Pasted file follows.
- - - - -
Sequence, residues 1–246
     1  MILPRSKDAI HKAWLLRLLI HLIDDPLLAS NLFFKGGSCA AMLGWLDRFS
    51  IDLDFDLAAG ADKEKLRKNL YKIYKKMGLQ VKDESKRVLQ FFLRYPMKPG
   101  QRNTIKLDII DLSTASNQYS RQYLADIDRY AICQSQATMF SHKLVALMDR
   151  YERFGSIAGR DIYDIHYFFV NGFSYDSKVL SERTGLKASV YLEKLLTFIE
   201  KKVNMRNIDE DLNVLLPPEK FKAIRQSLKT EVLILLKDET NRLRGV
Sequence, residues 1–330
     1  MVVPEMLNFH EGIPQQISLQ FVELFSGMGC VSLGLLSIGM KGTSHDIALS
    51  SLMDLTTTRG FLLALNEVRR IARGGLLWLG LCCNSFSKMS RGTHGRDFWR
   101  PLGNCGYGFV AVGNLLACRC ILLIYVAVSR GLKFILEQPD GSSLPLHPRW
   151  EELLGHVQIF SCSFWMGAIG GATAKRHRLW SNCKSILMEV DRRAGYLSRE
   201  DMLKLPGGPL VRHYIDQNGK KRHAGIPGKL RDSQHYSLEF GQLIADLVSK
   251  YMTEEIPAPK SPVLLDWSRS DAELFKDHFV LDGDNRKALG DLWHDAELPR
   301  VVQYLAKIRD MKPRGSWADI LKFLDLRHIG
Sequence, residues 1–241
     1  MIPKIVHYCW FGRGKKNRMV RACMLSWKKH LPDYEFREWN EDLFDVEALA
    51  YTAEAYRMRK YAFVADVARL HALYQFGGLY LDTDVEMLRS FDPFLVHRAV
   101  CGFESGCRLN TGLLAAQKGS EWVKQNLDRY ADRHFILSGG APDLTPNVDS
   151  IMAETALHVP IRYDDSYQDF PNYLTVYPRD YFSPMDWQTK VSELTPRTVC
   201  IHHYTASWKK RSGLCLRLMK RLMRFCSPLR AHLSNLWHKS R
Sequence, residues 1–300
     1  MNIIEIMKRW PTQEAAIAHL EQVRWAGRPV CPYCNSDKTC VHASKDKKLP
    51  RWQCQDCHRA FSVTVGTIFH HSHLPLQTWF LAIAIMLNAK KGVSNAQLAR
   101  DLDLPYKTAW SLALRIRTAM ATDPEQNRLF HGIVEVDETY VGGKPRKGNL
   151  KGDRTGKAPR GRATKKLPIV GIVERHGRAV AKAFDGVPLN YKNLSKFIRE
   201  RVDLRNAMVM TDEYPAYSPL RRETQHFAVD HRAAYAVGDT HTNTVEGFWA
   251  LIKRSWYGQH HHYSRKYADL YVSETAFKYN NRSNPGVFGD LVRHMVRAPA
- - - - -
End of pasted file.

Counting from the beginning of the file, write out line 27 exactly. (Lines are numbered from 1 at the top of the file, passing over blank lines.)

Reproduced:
   251  LIKRSWYGQH HHYSRKYADL YVSETAFKYN NRSNPGVFGD LVRHMVRAPA